If we can ask about our intentions, we might provide ourselves with an occasion to check on who exactly our intentions are serving. Have our intentions lost their capacity to do the work of discreetly translating our motivations into action for the world we encounter? Have they become subsumed and organized by the power structures of that world? If intention loses its capacity to foster a distance and an intimacy by virtue this subsumption and organization, then what good is it?
Motivation, then, must resolve itself to be the ongoing and incalculable sum of the experiences we have with an antagonism pointed towards the power structures, mechanisms of control, and practices of injustice we encounter. In short, motivation is the thing we have all felt in our gut that something isn’t right. Intention becomes the framework for the set of actions that we attempt to realize in order to address those hegemonic realities, and simultaneously provides a cover that is more legible, coherent, and instructive for our motivation, which is messy, unresolved, and perhaps misguided (though deeply urgent).
We hope to check our intentions against a set of politics that are just and true based on our experiences and education, but we risk conflating motivation with intention the longer we work. The violence of that conflation presents itself most clearly in the moments where we have assumed that we need to act on behalf of other people, or in the moments that we find ourselves repeating the things we have already done too many times before, or in the moments where we find ourselves in situations that are financially or politically interesting but ethically and aesthetically jeopardized.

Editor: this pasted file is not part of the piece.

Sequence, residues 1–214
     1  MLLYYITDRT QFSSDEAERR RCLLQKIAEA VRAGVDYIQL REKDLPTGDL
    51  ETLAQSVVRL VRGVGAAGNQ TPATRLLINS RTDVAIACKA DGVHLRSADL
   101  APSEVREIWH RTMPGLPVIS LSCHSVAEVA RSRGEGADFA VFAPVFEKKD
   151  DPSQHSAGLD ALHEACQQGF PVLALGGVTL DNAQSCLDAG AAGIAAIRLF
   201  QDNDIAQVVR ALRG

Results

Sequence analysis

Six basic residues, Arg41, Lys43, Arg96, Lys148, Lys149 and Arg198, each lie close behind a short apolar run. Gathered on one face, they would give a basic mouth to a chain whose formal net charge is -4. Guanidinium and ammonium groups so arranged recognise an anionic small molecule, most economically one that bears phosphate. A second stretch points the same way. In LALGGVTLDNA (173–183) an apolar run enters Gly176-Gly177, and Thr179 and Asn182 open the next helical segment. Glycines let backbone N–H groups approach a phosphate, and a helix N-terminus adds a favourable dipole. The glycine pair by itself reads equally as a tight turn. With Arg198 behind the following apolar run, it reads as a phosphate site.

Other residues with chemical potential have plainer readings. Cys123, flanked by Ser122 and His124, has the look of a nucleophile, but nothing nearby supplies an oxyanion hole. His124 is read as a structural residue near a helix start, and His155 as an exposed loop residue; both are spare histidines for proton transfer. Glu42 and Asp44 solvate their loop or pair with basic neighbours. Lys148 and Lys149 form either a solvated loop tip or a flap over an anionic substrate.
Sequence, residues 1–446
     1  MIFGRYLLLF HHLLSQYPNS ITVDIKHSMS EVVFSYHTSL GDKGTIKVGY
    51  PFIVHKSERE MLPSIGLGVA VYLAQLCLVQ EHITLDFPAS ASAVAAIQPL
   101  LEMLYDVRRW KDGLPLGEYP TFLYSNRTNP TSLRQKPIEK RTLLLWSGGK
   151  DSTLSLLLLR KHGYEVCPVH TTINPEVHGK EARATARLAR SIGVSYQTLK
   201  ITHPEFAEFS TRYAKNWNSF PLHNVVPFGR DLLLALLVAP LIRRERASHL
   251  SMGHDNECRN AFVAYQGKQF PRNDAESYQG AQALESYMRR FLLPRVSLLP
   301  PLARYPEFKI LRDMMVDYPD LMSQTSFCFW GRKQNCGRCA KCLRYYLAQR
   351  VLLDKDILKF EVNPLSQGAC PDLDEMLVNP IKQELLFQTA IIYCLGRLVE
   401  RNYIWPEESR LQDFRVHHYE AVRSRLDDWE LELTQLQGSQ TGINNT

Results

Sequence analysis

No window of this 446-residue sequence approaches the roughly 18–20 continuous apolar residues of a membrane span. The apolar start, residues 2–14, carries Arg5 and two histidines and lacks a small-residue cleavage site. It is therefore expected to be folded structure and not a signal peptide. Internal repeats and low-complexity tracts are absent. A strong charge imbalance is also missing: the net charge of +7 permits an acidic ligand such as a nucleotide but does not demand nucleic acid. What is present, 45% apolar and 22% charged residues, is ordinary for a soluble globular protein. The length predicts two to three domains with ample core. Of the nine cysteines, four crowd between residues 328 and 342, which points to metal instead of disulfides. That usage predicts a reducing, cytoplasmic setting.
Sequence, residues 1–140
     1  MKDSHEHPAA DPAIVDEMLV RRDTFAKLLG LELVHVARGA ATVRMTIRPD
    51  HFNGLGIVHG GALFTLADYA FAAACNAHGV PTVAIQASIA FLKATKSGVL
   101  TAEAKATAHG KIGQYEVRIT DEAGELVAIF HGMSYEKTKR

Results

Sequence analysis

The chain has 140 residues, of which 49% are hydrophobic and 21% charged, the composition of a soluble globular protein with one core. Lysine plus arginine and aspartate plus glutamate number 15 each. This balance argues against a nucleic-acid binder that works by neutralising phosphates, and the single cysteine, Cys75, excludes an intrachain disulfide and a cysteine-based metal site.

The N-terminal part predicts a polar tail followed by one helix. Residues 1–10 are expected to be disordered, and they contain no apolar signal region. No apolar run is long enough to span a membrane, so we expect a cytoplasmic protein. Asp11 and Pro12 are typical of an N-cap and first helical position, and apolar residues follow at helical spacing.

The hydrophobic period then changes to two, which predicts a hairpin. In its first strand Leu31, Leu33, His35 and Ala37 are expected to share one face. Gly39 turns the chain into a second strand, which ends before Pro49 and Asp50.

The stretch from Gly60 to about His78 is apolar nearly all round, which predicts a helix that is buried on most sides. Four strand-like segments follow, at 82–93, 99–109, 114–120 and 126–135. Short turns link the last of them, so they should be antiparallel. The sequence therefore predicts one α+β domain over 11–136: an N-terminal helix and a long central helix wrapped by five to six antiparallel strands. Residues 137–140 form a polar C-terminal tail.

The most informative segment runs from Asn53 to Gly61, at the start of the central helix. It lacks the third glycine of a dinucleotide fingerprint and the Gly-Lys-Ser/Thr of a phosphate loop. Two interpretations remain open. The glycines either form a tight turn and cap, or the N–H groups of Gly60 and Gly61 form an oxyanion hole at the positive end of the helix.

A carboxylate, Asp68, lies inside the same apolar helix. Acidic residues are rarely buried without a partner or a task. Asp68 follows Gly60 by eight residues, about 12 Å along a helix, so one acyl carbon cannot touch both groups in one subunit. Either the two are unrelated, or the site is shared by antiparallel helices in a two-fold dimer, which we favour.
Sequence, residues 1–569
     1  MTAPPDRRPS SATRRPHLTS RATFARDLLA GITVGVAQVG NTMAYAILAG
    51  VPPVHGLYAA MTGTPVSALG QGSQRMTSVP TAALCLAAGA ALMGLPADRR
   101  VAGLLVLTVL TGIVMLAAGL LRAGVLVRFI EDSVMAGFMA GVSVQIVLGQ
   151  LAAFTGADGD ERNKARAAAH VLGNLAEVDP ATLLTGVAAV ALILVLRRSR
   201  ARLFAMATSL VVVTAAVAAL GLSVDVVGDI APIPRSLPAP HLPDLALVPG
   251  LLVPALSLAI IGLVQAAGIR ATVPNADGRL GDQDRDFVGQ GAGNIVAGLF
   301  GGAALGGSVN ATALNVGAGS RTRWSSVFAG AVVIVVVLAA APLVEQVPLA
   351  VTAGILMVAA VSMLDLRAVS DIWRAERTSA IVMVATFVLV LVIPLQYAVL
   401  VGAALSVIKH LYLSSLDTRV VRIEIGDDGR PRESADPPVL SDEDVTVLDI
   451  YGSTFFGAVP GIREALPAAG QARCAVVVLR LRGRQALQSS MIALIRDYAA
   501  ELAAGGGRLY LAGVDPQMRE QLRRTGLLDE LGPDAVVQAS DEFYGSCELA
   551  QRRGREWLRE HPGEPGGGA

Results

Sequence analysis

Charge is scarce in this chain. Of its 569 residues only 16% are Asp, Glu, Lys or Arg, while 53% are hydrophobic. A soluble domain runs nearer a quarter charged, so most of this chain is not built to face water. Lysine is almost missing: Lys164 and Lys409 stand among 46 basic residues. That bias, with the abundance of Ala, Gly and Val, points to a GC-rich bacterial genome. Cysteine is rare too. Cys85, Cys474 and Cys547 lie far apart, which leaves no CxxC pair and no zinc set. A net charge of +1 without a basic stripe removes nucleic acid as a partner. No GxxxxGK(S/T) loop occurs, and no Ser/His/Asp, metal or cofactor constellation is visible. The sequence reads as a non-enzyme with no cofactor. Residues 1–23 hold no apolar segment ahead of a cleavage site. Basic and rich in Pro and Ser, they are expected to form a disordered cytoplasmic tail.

If we are to act on the motivation of wanting to imagine a different way to be in the world, together, then we must configure our motivation as a site of potential and our intentions as the instruments of action. In this way, asking about our motivation can aid us in our recollection of what antagonism can urgently provide and asking about our intentions can aid us in fostering an urgent set of actions.
Glossed Over appears as a large-scale sampled text in white gloss finish vinyl that explores critical understandings and framings of the roles of power, participation, and ethics in relation to art and its institutional contingencies. Sentences drawn from a series of writers including Judith Butler, Jacques Ranciere, Chantal Mouffe, and Sol Lewitt, among others, are stitched together to create a winding statement on the embedded challenges in which contemporary gallery spaces (and the art contained within them) are necessarily implicated, while the emphases added to the texts creates a secondary entry point into the work. The text could be read as a caption, response, critique, or commentary on the context and potentially hidden frameworks of support, antagonism, or compromise within which the gallery space exists. The books from which these texts are drawn will be catalogued and available for reference at MOCCA.
This work appeared in the exhibition, TBD, curated by Su-Ying Lee.